Oregon researchers' triumph in slipping a bit of another creature's genome into a monkey has proved that the feat's possible, but even the bioengineers themselves caution that their technique may not be the best one for future monkey business.
The Oregon Regional Primate Research Center in Beaverton ignited a news frenzy last week with a 3-month-old rhesus monkey's debut as the world's first genetically engineered primate.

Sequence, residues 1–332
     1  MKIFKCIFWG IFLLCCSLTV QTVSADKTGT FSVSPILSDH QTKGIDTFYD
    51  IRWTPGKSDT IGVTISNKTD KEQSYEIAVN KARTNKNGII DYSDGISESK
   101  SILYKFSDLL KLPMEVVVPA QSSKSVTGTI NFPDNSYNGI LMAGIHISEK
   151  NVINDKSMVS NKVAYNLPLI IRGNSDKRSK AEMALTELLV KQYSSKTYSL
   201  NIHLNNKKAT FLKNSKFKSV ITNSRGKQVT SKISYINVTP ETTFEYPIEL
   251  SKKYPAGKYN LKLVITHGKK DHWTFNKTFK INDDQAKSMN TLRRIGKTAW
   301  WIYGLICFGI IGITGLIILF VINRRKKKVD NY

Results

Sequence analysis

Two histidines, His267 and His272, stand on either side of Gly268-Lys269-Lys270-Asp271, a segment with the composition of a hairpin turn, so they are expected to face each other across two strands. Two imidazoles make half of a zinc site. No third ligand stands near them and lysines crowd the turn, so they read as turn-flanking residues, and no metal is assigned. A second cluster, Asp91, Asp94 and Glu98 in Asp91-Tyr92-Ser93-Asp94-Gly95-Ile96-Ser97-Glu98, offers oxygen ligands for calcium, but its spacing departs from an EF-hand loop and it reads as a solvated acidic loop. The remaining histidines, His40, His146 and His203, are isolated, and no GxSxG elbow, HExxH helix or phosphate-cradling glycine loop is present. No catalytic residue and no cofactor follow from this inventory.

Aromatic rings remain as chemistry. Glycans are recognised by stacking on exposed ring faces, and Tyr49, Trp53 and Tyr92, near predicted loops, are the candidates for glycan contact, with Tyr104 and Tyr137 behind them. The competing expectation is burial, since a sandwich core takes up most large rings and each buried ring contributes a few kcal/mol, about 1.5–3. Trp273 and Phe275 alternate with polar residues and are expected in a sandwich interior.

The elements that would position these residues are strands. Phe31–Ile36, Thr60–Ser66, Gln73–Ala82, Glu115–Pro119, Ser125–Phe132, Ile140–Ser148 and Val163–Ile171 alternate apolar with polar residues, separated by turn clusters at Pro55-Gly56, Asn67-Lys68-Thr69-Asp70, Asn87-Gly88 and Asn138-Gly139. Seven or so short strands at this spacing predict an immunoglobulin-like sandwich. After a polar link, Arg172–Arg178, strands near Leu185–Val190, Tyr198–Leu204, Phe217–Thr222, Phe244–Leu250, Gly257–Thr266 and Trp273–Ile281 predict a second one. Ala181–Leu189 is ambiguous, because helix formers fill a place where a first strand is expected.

Named ANDi, a backward homage to 'inserted DNA,' the little fellow looks and behaves like his plain-gene playmates. Yet tissue analysis confirms that ANDi carries a jellyfish gene laboriously inserted by scientists, Anthony W.S. Chan, Gerald Schatten, and their colleagues report in the Jan. 14 Science.
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